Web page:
Piano Concerto No.3 in C, Op.26
Symphony No.4 in C minor, Op.43
Alexander Toradze (piano)
Reviewed by: Richard Whitehouse
Reviewed: 25 August, 2002
Venue: Royal Albert Hall, London
The Kirov Orchestra’s weekend Proms residency ended with this apposite coupling of works from the two leading Soviet composers: a concerto written in the heyday of Prokofiev’s émigré years, and a Shostakovich symphony written when the ’years of terror’ were rapidly gathering momentum.
Prokofiev’s Third Piano Concerto has long been his most popular, and this performance was a welcome alternative to the Francophone brilliance familiar from many present-day exponents. Alexander Toradze can certainly play to the Russian virtuoso tradition, witness the pounding motoric feel of the toccata-like passages, but there was no lack of poetry at the return of the clarinet theme midway through the opening movement, or the evocative dreamscape that comprises the fourth variation in the second. The main theme of the ’Finale’ was given richly expressive treatment that pointed up the connection with Rachmaninov almost too clearly, while the C major brilliance of the close was duly scintillating. One or two miscues in passing aside, soloist and conductor anticipated each other’s moves with evident assurance.
Long recognised as the leading conductor of Russian opera in theworld today, Valery Gergiev has in the past been efficient but lacklustre on the concert platform. So it is worth stating right away that this account of Shostakovich’s Fourth Symphony was not only the best non-operatic performance your reviewer has heard from him, but one of the most cohesive and penetrating interpretations of this recklessly magnificent symphony fromany source.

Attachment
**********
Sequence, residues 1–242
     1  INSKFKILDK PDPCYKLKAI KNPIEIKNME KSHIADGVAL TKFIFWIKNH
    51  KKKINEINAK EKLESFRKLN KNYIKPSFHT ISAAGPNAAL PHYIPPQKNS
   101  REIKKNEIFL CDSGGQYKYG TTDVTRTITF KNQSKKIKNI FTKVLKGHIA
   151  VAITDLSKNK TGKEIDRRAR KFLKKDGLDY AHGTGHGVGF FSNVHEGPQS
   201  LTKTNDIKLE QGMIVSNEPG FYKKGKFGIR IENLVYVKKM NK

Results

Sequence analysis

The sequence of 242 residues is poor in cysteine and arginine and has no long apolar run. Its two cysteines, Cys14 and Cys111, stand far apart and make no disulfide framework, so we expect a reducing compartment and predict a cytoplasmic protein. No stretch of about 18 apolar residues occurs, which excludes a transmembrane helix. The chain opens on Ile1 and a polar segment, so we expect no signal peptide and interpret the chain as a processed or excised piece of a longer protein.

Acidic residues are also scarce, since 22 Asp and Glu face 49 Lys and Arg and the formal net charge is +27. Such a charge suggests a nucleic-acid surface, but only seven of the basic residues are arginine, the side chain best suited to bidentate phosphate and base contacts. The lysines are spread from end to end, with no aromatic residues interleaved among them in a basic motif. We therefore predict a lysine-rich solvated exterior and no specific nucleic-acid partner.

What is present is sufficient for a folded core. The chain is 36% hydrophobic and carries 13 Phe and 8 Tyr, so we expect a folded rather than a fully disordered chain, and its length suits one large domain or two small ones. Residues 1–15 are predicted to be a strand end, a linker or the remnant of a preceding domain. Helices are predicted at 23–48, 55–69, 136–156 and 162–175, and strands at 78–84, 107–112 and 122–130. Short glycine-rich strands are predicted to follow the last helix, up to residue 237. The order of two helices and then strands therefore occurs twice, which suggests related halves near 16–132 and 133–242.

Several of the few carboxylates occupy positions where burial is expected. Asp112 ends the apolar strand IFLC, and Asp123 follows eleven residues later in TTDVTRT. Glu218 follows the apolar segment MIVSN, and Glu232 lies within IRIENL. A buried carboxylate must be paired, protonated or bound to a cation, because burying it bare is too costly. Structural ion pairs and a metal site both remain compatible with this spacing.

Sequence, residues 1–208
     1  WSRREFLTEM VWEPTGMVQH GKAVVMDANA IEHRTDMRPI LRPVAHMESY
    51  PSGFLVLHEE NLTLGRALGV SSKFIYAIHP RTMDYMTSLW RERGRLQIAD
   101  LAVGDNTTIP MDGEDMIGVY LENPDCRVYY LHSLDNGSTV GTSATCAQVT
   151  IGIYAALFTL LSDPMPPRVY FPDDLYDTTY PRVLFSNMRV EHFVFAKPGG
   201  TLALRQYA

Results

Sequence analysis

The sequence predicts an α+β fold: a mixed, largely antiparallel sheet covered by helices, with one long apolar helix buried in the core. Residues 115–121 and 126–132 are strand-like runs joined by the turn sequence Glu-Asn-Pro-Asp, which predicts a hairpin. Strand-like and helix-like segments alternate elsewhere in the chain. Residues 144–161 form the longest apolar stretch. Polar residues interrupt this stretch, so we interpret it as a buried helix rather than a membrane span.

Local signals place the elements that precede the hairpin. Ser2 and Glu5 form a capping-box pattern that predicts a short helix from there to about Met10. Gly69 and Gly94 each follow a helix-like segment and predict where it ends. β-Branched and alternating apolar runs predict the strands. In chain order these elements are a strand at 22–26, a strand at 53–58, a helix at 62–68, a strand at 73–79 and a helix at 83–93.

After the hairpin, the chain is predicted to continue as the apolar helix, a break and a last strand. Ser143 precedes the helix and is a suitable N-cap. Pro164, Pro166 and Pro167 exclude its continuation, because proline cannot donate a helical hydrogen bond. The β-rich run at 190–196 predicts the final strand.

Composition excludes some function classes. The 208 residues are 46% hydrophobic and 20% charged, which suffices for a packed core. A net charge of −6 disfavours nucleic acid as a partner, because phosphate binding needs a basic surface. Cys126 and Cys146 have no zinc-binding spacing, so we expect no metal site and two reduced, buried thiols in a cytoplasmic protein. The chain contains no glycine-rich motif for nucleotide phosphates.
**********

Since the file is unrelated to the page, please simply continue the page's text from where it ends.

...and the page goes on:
At 61 minutes, Gergiev’s performance was closer to the driving intensity of Kondrashin rather than the oblique searching of Rozhdestvensky. Yet there was no doubting its individuality from the way in which the first movement’s highly-contrasted themes were given room to breathe, with a gradual build-up of momentum towards the searing string fugato and brutal ensuing climax – unflinchingly delivered – which draw together the musical motion with the inevitability of a centrifugal force. The second movement emerged as a swift, tensely-sprung intermezzo – with little repose in the wistful second theme and an agitation in the central string polyphony which ensured no relaxation before the ’Finale’.
Opening with a wonderfully deadpan funeral march, Gergiev demonstrated his understanding of the seemingly episodicstructure by pacing the ’Allegro’ section so that its minimalist tendencies were pertinently brought out. The barbed humour of the divertissement gave wind and brass principals the chance to shine, and if Gergiev marginally overdid the rhetoric going into the final peroration, its desperate defiance and the implacable defeat of the long, subdued coda were tangibly evoked.
That a virtually full Albert Hall maintained concentration not only through this bleak closing expanse but for almost a minute after the music had ceased underlines the impact this work can and should have in performance. 66 years since its completion and 41 years after its premiere, Shostakovich Four remains a touchstone of interpretative possibilities, through which Gergiev fashioned a way forward such as consolidated the symphony’s relevance for a later, post-Soviet generation.
- BBC Radio 3 re-broadcast Wednesday, 28 August, at 2 o’clock